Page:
[time-nuts] LTE-Lite Plans
saidjack at aol.com
Tue Nov 25 22:37:17 EST 2014
Its not the 1PPS that would be suffering, its the 10MHz that will have all the 1Hz and its harmonics making the PN graph look ugly..
Agree with you that the regulators cost zip these days and using individual buffer ICs and regs is the best way to go.
Sent From iPhone
> On Nov 25, 2014, at 18:45, Bob Camp <kb8tq at n1k.org> wrote:
> One simple point:
> Do you *need* ultra low phase noise on your 1 pps output or is real good ADEV all you are after?
> If you need good phase noise .. exactly what are you doing ???
> So… tack a 78L05 onto your bulk power and run the pps output “empire” off of that supply. Maybe wire the 1 pps stuff on it’s own little chunk of PCB material.
> Save the fancy low noise regulator(s) for the 10 MHz “empire”. ( If you get a good one, 78L05 might do just fine there as well).
> What’s the massive cost impact of this radical approach?
> Well the inverter chips are < $0.20 each from several outfits.
> The 78L05 is also < $0.20.
> The resistors and caps should be on your bench already. If not plan on another $0.30 for the bunch.
> So you have added (at most) $0.70 to the cost of the circuit by doing this.
> Skip the order of fries with lunch and it’s paid for.
> The above does not include the cost of connectors, enclosure, power or switches. All of that will be part of any design you do. Enclosures and power are going to be lower with this circuit than just about anything else you could do. No hogging pockets out of a 1 foot cube of aluminum required …..
>> On Nov 25, 2014, at 9:14 PM, S. Jackson via time-nuts <time-nuts at febo.com> wrote:
>> Hi Mark, Bob,
>> two comments:
>> * I forgot to mention that feeding the 1PPS signal through the IC inverts
>> the signal of course, so the falling edge becomes the active edge. Use the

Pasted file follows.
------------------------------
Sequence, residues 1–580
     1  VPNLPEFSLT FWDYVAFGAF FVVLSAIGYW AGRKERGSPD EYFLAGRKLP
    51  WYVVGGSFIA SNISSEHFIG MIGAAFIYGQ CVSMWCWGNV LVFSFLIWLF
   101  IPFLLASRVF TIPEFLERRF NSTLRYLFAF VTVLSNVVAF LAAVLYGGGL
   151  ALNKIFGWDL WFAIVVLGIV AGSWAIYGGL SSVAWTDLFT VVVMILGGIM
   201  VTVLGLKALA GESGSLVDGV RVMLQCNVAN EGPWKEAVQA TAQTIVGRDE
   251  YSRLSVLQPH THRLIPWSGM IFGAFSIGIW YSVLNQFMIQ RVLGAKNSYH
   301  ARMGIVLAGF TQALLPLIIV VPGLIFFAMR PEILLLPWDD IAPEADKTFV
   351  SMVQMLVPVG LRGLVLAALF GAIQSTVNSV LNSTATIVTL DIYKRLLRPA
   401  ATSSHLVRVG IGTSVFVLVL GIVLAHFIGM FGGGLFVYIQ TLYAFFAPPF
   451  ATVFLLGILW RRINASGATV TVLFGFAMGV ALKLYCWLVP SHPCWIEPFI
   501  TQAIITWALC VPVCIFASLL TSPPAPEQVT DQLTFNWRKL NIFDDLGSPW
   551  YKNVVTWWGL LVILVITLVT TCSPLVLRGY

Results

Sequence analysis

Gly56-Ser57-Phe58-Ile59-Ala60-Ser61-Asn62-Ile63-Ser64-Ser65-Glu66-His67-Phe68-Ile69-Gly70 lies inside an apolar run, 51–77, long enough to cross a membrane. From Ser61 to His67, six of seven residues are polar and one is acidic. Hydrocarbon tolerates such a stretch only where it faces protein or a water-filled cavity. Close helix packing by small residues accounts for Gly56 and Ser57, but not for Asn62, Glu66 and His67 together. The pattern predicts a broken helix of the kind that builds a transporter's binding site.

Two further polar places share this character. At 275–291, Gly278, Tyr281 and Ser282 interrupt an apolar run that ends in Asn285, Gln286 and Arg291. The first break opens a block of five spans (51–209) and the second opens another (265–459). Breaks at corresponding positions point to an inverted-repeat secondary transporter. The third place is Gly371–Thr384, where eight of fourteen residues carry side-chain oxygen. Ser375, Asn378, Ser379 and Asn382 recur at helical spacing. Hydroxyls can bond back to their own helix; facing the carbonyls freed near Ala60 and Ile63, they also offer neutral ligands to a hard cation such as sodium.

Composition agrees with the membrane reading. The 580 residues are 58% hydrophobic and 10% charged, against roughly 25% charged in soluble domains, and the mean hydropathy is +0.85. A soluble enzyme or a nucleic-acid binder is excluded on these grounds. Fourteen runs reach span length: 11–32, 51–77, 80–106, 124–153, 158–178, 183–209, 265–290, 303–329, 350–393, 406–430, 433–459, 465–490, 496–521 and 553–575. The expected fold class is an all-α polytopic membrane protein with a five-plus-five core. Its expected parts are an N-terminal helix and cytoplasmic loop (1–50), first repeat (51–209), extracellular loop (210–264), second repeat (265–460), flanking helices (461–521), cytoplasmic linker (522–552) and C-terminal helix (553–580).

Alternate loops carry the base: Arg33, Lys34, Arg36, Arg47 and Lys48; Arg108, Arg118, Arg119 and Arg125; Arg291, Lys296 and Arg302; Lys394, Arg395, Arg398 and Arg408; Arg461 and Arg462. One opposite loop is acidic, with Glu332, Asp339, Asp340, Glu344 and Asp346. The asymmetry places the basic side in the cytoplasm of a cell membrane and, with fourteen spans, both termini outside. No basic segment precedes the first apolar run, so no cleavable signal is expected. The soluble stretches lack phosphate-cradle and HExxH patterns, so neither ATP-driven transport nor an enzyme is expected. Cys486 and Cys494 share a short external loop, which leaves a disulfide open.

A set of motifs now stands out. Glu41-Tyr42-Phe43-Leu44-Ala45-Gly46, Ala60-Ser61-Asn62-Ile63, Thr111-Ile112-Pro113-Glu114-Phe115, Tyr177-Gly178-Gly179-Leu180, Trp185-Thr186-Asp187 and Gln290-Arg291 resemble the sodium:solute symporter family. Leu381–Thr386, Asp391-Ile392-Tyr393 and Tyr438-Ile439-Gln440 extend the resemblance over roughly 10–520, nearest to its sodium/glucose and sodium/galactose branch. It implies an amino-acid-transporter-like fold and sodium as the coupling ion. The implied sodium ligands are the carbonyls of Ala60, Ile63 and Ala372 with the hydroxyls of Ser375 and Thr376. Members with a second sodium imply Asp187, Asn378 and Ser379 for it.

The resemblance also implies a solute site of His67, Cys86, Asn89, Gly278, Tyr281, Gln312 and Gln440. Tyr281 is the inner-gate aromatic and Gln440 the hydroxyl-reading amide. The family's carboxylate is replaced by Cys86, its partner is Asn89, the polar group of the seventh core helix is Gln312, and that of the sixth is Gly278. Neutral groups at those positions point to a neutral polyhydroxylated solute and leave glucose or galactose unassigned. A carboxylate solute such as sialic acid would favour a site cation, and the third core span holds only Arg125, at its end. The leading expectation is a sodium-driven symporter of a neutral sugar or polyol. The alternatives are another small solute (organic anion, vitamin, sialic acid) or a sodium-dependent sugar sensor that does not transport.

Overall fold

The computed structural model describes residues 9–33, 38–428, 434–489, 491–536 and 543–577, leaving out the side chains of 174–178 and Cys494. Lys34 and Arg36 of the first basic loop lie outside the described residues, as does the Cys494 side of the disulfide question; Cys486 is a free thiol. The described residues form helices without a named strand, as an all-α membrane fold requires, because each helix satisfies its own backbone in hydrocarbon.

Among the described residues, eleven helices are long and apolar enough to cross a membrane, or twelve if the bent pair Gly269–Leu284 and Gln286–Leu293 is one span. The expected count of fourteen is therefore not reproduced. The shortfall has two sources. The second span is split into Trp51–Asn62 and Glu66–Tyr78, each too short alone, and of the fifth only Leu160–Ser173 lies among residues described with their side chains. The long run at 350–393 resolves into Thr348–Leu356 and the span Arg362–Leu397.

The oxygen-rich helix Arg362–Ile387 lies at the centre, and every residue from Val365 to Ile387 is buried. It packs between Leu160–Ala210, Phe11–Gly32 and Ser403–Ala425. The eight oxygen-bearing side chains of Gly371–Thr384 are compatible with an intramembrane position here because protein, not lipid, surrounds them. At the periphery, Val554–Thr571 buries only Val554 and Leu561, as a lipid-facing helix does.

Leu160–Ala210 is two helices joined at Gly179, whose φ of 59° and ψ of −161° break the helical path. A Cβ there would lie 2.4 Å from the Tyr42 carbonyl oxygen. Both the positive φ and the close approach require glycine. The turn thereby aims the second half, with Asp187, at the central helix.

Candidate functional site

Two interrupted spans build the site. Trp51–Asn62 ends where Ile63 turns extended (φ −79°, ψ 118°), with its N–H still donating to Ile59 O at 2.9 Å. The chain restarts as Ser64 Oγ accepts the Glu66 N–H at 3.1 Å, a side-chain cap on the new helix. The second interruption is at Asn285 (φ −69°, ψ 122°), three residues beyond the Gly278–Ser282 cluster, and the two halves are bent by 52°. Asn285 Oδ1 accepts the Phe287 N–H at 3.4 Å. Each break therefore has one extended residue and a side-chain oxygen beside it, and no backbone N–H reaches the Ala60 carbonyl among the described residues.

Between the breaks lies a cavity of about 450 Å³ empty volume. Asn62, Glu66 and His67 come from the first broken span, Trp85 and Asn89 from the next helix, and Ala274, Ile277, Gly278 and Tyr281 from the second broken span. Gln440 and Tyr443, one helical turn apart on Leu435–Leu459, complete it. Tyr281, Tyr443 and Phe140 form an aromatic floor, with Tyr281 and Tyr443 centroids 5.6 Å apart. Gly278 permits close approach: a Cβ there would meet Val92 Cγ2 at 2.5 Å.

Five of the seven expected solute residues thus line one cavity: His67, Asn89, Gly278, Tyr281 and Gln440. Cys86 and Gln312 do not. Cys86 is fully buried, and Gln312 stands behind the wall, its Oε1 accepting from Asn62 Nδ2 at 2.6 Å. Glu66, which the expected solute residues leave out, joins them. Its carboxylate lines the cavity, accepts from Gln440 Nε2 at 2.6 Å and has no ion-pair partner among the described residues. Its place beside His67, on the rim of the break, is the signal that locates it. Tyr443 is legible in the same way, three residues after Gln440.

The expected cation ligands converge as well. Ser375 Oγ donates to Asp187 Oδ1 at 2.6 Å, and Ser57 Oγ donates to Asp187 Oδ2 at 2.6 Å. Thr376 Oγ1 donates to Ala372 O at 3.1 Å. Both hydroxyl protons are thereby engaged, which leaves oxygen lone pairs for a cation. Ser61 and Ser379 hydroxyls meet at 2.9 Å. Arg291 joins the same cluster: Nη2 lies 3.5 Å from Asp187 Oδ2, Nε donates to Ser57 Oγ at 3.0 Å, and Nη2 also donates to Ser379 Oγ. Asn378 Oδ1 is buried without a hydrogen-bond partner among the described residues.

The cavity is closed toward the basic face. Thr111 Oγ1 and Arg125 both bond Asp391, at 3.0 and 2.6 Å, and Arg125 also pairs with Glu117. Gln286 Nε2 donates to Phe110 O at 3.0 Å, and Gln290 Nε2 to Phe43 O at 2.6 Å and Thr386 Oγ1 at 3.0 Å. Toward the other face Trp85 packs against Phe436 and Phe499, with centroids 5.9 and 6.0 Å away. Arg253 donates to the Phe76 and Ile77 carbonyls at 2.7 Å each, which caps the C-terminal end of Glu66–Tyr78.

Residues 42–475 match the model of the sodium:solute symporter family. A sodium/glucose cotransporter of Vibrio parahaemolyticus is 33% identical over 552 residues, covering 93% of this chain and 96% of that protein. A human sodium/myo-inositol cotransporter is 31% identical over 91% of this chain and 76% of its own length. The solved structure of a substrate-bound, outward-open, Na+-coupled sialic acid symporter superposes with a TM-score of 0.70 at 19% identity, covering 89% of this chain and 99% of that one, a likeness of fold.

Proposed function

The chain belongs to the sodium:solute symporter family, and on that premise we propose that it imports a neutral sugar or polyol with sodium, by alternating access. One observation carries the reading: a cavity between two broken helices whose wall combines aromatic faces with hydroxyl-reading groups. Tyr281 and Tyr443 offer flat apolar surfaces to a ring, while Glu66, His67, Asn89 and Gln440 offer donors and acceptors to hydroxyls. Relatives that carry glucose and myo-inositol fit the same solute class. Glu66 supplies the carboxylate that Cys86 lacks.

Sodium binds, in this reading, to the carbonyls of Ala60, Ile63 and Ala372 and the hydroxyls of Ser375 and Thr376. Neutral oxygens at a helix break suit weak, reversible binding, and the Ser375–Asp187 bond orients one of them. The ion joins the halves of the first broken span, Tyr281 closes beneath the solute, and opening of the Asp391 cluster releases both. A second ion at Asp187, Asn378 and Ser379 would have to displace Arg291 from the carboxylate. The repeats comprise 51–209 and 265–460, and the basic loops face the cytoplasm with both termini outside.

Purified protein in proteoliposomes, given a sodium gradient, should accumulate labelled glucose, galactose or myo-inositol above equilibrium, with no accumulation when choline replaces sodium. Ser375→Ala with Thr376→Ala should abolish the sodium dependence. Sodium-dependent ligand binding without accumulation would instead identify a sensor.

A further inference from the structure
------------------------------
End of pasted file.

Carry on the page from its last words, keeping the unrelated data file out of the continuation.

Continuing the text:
>> two inverters in series rather than parallel to avoid that problem, at the
>> cost of lower drive capability and higher Tpd.
>> * On the interaction between the three signals: the worst is when the 1PPS
>> signal hits and drives 3V into the 100 Ohms equivalent termination (30mA).
>> At that point the power supply will sag, causing AM modulation to appear on
>> the RF signals. The result is humps in the ADEV plot at 1Hz, 2Hz, 3Hz, etc
>> etc all the way up to a couple of KHz. This is why separate power supplies
>> and driver IC's are recommended (a separate LDO for the RF signals and one
>> just for the 1PPS would solve this 1PPS crosstalk). This is one reason why
>> I don't like DC 50 Ohms terminations and love open-ended coax cables.
>> In fact Tom V.B. some years ago reported here that he could measure the
>> 1PPS LED current (!!!) from one of his GPSDOs as it fed THROUGH THE AC POWER
>> LINE into another unit.. Albeit at levels of xE-014 or lower if I remember
>> In a message dated 11/25/2014 17:51:37 Pacific Standard Time,
>> mark at alignedsolutions.com writes:
>> Thanks Said. Strangely enough I was just about to ask the group for
>> comments re the practicality of using inverters in parallel with resistors as
>> a simple means of buffering 1 pps signals.
>> I'll give this a try.
>> Mark Spencer
>> On 2014-11-25, at 5:28 PM, "S. Jackson via time-nuts" <time-nuts at febo.com>
>>> I never expected such an intense discussion about using and buffering
>>> outputs from the LTE-Lite board since the actual circuit to use can be
>>> quite simple.
>>> To address these questions, I drew up a simple schematic that uses a
>>> 74AC04 gate, six resistors, and two caps. Everyone who can solder should
>>> be able to build this simple circuit as a dead-bug type build on a
>>> copper-clad board.
>>> This circuit will buffer all three outputs (1PPS, TCXO RF, and
>>> RF) of the LTE-Lite eval board with CMOS 3.0V levels that can drive 50
>>> terminations. For simplicity I grab the 3.0V power from the DIP-14 TCXO
>>> pin 14 of that part on the eval board, even though I would strongly
>>> suggest to use a separate low noise 3.3V or 5V power supply to power
>> the 74AC04
>>> You can add 100nF caps in series to the two RF signals before they feed
>>> into the coax output connectors for less power consumption and removing
>> DC for
>>> instruments that don't like DC inputs.
>>> Using a single IC for the three signals will result in crosstalk between
>>> the signals, but it should be clear from the schematics how one could
>>> up the signals by using three independent ICs to minimize crosstalk.
>>> We use this circuit in a small box here using SMT components, and it
>>> really well.
>>> Excuse my horrible writing, using keyboards has made my fingers numb..
>>> Hope that helps,
>>> time-nuts mailing list -- time-nuts at febo.com
>>> To unsubscribe, go to
>>> and follow the instructions there.
>> time-nuts mailing list -- time-nuts at febo.com
>> To unsubscribe, go to https://www.febo.com/cgi-bin/mailman/listinfo/time-nuts
>> and follow the instructions there.
More information about the time-nuts